Slimmer yields dismay '90s investors

September 01, 1991|By Thomas Watterson | Thomas Watterson,Boston Globe

A young man asked about a good place to put $1,000. He will need the money for school expenses in a year and doesn't want to worry about it in the meantime. With interest rates about as low as they're going to get before heading back up, a one-year certificate of deposit, or even a six-month CD, risks locking in today's low yields while overall rates are rising.

When he was shown current yields on money-market mutual funds -- about 5.5 percent -- the young man's reaction summed up many investors' dismay:

"That's all?" he asked.

Yes, that's all. There's no law that says 9 percent interest rates are required, particularly on such short-term investments as money-market funds, money-market deposit accounts and CDs maturing in a year or less. This fact is about to become painfully clear to even more people this fall. A crop of CDs will mature and decisions must be made about whether to roll them over into new CDs or put the money elsewhere. Since those CDs were purchased, the decade-long era of relatively high short-term interest rates has ended.

"The '80s were unique," Stephen Gaber, chief operating officer of Mesirow Financial Corp., a money management firm in Chicago, says. "You got paid for staying short. Those days are over."

However, like people who report the latest Elvis sighting, some investors keep trying to recapture the past. In doing so, financial advisers warn, they may be reaching for the highest possible yields without understanding the risks.

For example, Brian Mattes, vice president at the Vanguard Group, a mutual fund firm based in Valley Forge, Pa., says that many investors have been calling lately and asking for the highest-yielding "guaranteed" investment. When they're told that Vanguard's Ginnie Mae fund, for example, is earning about 8.6 percent, they immediately ask for a prospectus and an application, without waiting for an explanation of the risks. If interest rates rise, the portfolio -- bonds backed by the Government National Mortgage Corp., or Ginnie Mae -- will decline in value.

While the federal government guarantees that the principal on ,, bonds will be repaid, it does not guarantee the interest rate.

Also, Ginnie Mae funds have a special risk of their own, known as "prepayment risk." With 30-year fixed-rate mortgages at or below 9 percent in most of the country, many homeowners are refinancing their mortgages into the lower rates. As they do, the average yield of the Ginnie Mae portfolio falls. In the last big wave of refinancing, in the mid- to late 1980s, yields on Ginnie Mae funds fell as much as a third in a few months.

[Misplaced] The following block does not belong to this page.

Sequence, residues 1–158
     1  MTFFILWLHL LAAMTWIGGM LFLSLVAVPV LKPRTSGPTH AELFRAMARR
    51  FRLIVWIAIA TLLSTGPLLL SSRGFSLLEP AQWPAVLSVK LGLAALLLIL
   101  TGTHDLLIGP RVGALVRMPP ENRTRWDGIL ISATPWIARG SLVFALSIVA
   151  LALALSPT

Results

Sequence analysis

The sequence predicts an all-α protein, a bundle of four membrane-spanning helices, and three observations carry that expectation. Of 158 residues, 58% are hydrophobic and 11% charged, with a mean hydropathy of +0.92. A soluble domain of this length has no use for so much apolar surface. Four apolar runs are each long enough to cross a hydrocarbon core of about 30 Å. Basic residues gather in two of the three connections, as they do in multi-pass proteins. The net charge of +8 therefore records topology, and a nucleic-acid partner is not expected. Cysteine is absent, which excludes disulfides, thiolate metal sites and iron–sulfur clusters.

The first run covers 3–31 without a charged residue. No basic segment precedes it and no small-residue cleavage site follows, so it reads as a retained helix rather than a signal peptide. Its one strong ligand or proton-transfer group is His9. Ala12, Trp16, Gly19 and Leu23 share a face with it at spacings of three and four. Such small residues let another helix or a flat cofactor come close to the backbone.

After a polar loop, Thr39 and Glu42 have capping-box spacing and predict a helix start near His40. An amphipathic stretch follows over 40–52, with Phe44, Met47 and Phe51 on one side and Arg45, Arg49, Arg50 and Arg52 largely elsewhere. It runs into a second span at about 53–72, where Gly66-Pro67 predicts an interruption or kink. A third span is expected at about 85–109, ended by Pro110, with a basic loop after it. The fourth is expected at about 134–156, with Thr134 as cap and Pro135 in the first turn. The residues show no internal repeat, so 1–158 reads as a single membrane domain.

These are the sort of risks many "yield junkies" don't understand, John Markese, executive vice president and director of research at the American Association of Individual Investors, says. AAII members often call the association's headquarters in Chicago to ask about a "high-yield" investment they've read or heard about from a broker or financial adviser.

"Unfortunately, many of those calls are after the fact," Mr. Markese says. "They've already sent in the money."

Historically, short-term investments tied to interest rates have yielded about 2 percent to 3 percent more than inflation. At the current inflation rate of 4 percent to 5 percent, depending on where you live, that would make a 7 percent to 8 percent yield reasonable.

Returns like that aren't available from most money-market funds and CDs, of course, but it is possible to get there with a moderate increase in interest-rate risk, especially if the money won't be needed for a few years.

Of course, if you only have $1,000 to invest and safety is important, don't worry about yield. You don't have enough to spread among several investments, and you don't want to be concerned about a loss of principal if interest rates rise. So pick one good place, like a money-market mutual fund, and wait for interest rates to go up again.

If you're really concerned about safety, make it a U.S. Treasury money fund. Yields on these funds are usually, but not always, about a tenth of a percentage point less than an ordinary money fund, but the securities are guaranteed by the U.S. Treasury.

If you do have enough money to diversify among a few fixed-income investments -- say, $5,000 to $10,000 -- you can increase the overall yield by putting money in two or three places.

The current yield on short-term bond funds, for example, is about 7.6 percent. The least-volatile of these funds invest in top-rated corporate bonds maturing in five years or less. The average maturity of bonds in the T. Rowe Price Short-Term Bond Fund, for instance, is about 2 1/2 years, Steven Norwitz, a Price spokesman, says.

Another possibility, where the underlying securities are even safer, is an intermediate-term or long-term U.S. Treasury bond fund. The yield on the Vanguard Long Term U.S. Treasury Bond Fund is now about 8.1 percent, but that higher return is the reward for taking on more risk in the future, if overall interest rates rise.

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